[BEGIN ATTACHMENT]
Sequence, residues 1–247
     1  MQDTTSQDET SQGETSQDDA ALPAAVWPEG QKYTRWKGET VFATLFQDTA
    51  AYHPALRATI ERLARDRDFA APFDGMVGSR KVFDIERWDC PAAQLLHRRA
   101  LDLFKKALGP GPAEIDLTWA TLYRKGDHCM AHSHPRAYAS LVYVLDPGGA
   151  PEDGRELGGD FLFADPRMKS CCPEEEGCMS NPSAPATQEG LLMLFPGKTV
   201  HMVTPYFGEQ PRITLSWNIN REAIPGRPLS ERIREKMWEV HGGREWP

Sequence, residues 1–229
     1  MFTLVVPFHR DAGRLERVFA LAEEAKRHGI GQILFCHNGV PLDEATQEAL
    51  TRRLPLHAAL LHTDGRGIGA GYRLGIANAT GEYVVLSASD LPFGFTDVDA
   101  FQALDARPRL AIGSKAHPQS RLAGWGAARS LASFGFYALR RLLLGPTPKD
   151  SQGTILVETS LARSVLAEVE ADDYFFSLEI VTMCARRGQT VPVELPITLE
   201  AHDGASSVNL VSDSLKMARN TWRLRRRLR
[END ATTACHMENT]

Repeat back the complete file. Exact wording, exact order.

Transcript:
Sequence, residues 1–247
     1  MQDTTSQDET SQGETSQDDA ALPAAVWPEG QKYTRWKGET VFATLFQDTA
    51  AYHPALRATI ERLARDRDFA APFDGMVGSR KVFDIERWDC PAAQLLHRRA
   101  LDLFKKALGP GPAEIDLTWA TLYRKGDHCM AHSHPRAYAS LVYVLDPGGA
   151  PEDGRELGGD FLFADPRMKS CCPEEEGCMS NPSAPATQEG LLMLFPGKTV
   201  HMVTPYFGEQ PRITLSWNIN REAIPGRPLS ERIREKMWEV HGGREWP

Sequence, residues 1–229
     1  MFTLVVPFHR DAGRLERVFA LAEEAKRHGI GQILFCHNGV PLDEATQEAL
    51  TRRLPLHAAL LHTDGRGIGA GYRLGIANAT GEYVVLSASD LPFGFTDVDA
   101  FQALDARPRL AIGSKAHPQS RLAGWGAARS LASFGFYALR RLLLGPTPKD
   151  SQGTILVETS LARSVLAEVE ADDYFFSLEI VTMCARRGQT VPVELPITLE
   201  AHDGASSVNL VSDSLKMARN TWRLRRRLR